The fourth pillar of Law’s five-year strategic plan, diversity and inclusion, would be achieved not only through the recruitment of students outside the USF community, but also in the hiring of a diversity, equity and inclusion vice president that would help achieve the plan’s desired goals, Law said.

Another leadership position needing to be filled by the incoming president is a successor of Provost Ralph Wilcox. Law mentioned a national search would be conducted to ensure the most qualified candidate can be found.

As discussed in Law’s March 4 interview with the search committee, her absence of a background in academia is a concern for her ability to lead a preeminent research university. To mitigate the shortcoming in her background, Law said she would only accept a provost that could provide her with strong academic oversight.

With USF’s aim to become a top-25 public university, having the appropriate funds to attract world-class scholars and athletes to the school is paramount, according to Talley.

Part of Talley’s vision for increasing USF’s budget is supporting the construction of an on-campus stadium. Talley said athletics are a vehicle to getting more donations that feed the university’s research and academic scholarships.

“​​My experience has [shown] increased gift-giving makes it easier to recruit faculty and staff and students,” he said. “There’s no downside … all that is done funnels back into some level of academics.”

The empowerment of research at the university is something Law will be actively supporting, as she said it is a foundational part of progressing the USF community in positive directions.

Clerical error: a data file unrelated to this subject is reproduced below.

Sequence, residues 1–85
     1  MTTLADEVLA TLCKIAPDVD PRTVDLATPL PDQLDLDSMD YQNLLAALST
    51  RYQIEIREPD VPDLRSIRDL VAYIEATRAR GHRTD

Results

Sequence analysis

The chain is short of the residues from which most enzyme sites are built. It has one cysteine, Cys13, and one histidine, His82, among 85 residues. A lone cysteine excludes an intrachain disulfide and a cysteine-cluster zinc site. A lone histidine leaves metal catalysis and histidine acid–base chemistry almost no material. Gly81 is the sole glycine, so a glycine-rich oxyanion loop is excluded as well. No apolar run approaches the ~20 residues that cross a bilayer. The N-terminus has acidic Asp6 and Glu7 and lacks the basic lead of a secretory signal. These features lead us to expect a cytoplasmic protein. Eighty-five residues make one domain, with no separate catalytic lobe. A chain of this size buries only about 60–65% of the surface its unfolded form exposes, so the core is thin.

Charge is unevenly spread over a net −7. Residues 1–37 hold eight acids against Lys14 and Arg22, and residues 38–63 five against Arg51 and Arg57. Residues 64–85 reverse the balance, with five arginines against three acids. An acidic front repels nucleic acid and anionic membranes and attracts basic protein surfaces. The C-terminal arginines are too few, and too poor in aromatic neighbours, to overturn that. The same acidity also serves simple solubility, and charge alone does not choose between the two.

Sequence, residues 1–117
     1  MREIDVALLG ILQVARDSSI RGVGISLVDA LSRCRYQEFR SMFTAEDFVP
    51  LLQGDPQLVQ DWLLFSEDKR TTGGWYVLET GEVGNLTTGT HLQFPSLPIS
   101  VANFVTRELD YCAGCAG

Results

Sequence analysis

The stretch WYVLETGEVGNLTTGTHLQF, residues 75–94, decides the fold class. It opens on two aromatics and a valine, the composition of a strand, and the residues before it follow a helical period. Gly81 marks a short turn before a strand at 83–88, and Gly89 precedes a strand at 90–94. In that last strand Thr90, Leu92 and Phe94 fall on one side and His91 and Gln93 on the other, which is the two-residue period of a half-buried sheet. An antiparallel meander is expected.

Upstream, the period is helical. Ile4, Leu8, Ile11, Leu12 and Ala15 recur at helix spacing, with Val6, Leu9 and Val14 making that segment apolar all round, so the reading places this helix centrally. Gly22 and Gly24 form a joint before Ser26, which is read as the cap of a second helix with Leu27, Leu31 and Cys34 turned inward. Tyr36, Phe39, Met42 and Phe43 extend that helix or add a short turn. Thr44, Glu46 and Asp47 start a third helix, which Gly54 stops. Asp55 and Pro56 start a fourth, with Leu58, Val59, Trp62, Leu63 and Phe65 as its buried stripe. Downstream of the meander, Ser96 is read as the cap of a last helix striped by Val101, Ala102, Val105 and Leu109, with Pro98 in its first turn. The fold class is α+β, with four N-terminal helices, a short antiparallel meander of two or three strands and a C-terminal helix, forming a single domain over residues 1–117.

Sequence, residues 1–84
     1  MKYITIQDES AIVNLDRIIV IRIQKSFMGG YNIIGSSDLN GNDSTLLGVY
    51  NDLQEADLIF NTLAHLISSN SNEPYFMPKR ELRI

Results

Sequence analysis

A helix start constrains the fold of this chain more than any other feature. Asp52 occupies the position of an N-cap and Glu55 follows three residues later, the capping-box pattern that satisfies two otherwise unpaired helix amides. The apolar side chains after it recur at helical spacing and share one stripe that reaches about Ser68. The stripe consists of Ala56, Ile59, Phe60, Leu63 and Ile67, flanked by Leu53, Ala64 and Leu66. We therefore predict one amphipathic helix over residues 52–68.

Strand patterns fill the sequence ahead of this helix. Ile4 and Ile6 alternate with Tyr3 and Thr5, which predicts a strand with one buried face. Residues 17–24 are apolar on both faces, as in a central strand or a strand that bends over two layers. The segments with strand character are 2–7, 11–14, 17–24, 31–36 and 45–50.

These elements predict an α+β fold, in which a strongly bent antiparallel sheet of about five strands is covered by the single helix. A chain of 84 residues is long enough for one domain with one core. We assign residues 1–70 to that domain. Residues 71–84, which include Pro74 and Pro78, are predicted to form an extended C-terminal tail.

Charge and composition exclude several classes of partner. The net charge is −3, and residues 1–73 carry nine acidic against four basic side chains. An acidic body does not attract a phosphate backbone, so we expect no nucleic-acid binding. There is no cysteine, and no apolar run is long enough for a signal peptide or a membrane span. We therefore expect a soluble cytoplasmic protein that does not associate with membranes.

Law said she would create a program that will potentially be implemented in the future, as well as the hiring of a new vice president of research.

“Not only are we making it easy on the administrative side, but we’ll actually have training programs that will help them understand how you search for funding agencies and generate these ideas and really be successful in your grants applications,” she said.

At the end of the scheduled conversation, Talley opted out of providing his own closing remarks and was adamant that members of the audience should be able to ask a few questions. Time only allowed for one question, which circled back to how he would use athletics to increase school spirit among USF students and raise attendance rates at sporting events.

Talley said doing so would be as simple as the president making the time to interact with the students and get to know members of the student body.

“The president personally should be the biggest cheerleader for the university,” he said. “I would start by saying, ask the students. Let’s sit down with the student union and the student body and say ‘With what is it going to take to really engage students’ spirit on campus for athletic activities?’”

The candidates will be interviewed by the Board of Trustees on Tuesday, followed by a debriefing that will likely result in a president-elect being announced. The selection will then be subject to confirmation by the Florida Board of Governors.

Law expressed her motivations for wanting to fulfill the permanent position, citing how satisfying the position has been since she took it on in August.

“We can achieve that excellence that we’re talking about,” she said. “To come here and see the excitement, and see people really wanting to work together and achieve something better. I mean, this is the most fulfilling thing I’ve ever done. And I’d like to stay.”